1. 1

    For your information, “onstorage” event doesn’t seems implemented yet in Firefox nor Safari…. except iPad ?!?!?

  2. 2

    Very nice article Christian!
    Btw, really good talk at Fronteers, I enjoyed!

  3. 3

    Bobby Juncosa

    October 11, 2010 4:34 am

    Good article. I always get a bit of a chuckle out of the new and shiny HTML5 technologies when Flash has had local storage for years. Even if the site wasn’t a “Flash site”, using Flash as a method for storing and receiving locally stored data (and passing back via ExternalInterface) was a powerful alternative to a cookie (not to mention the ability to store native objects instead of just strings!).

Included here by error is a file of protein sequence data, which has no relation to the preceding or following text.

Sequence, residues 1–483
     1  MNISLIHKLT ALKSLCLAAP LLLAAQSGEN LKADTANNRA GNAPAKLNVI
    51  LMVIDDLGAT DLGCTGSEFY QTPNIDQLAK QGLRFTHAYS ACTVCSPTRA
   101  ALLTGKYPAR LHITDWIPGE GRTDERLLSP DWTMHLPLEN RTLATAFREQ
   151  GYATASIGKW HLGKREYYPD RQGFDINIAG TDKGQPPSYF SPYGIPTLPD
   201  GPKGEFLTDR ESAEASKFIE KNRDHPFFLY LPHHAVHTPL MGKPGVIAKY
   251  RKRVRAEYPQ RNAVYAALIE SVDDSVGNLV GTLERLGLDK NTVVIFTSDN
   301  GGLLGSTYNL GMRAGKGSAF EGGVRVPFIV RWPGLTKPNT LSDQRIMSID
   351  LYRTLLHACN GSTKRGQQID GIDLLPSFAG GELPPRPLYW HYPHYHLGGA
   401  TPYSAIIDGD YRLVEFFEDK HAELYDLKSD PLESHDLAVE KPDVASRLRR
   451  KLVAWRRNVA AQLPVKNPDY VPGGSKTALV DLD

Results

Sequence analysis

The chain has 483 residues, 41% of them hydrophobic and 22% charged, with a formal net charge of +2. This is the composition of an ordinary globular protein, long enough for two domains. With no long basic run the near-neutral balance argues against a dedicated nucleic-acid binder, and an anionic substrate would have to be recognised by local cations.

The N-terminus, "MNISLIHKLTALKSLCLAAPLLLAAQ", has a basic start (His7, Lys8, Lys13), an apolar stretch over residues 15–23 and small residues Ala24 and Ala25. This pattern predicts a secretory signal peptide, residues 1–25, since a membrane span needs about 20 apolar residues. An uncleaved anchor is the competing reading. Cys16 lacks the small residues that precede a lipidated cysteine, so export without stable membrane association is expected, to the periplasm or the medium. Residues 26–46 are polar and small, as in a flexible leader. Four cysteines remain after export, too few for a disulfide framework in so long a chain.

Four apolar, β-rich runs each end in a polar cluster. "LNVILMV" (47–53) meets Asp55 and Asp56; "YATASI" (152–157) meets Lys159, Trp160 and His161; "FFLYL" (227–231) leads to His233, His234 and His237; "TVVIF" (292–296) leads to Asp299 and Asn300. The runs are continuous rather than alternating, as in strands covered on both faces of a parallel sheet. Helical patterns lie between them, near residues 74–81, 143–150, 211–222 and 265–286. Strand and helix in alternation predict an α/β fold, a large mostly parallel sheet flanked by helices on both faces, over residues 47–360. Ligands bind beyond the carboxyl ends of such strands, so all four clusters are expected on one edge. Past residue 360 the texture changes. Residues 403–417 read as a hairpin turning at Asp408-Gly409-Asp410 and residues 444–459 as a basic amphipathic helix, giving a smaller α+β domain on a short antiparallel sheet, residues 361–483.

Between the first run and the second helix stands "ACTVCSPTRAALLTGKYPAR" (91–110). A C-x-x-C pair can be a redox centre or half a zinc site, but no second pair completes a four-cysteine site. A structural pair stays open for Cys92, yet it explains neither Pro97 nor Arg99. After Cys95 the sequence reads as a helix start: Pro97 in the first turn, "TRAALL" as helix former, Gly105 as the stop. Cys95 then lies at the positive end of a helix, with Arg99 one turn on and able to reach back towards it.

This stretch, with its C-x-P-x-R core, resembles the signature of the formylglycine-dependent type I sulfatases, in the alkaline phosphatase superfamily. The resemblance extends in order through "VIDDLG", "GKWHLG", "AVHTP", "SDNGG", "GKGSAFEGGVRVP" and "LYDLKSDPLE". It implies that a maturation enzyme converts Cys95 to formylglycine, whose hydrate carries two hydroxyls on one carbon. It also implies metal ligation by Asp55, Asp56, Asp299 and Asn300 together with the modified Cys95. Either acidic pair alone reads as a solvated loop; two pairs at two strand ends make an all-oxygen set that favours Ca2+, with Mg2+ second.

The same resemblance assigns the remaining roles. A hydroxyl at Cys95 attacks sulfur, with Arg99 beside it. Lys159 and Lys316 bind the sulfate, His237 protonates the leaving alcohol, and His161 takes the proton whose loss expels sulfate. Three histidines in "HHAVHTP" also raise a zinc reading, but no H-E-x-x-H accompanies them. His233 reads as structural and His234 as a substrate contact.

As Apple throws their weight around with their ban against Flash on their devices, developers will have to start finding new ways (like HTML5’s local storage) to do the things that were already working so well in the past.

  4. 4

    Obviously, you should use
    if(window.localStorage) …
    instead of
    if(localStorage) …
    And it seems there’s no way of storing actual live objects (with methods!) in localStorage… That’s too bad.
    I love use case #2
    — edit
    In case of your world-thingie: if you abort before all data is loaded, NULL is saved into the localStorage and next time nothing else is loaded: oops.

  5. 5

    Thanks Chris!

    I’ve got a much better undestanding localStorage now, I especially like the idea of storing the badges for different API’s and not having to request them all the time!


  6. 6

    Henrik Joreteg

    October 11, 2010 5:17 am